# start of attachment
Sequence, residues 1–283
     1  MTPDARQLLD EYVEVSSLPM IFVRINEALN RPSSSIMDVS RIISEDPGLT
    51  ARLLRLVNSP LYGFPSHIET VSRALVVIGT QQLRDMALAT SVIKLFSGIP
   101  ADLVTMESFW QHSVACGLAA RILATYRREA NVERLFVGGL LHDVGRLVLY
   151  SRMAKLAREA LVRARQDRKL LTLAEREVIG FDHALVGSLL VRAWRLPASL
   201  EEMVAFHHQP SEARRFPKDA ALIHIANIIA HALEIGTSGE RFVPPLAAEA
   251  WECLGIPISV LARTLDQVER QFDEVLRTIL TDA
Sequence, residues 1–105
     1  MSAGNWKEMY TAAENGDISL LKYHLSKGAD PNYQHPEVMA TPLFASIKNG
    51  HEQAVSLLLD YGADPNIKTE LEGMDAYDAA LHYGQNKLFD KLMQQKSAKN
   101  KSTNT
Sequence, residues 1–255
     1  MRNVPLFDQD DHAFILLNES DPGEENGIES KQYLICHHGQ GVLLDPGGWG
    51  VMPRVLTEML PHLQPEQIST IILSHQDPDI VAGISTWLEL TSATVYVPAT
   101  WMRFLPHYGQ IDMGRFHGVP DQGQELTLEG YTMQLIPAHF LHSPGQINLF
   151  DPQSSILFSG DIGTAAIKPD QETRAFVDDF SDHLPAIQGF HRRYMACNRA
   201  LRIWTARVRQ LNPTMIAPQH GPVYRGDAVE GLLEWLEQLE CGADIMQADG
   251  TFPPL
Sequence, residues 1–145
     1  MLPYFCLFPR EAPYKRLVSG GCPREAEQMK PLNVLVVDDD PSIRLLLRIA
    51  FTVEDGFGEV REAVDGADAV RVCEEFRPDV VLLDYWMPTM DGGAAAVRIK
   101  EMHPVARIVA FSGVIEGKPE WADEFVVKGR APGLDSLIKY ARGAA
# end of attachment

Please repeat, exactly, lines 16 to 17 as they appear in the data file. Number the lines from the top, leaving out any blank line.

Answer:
   151  DPQSSILFSG DIGTAAIKPD QETRAFVDDF SDHLPAIQGF HRRYMACNRA
   201  LRIWTARVRQ LNPTMIAPQH GPVYRGDAVE GLLEWLEQLE CGADIMQADG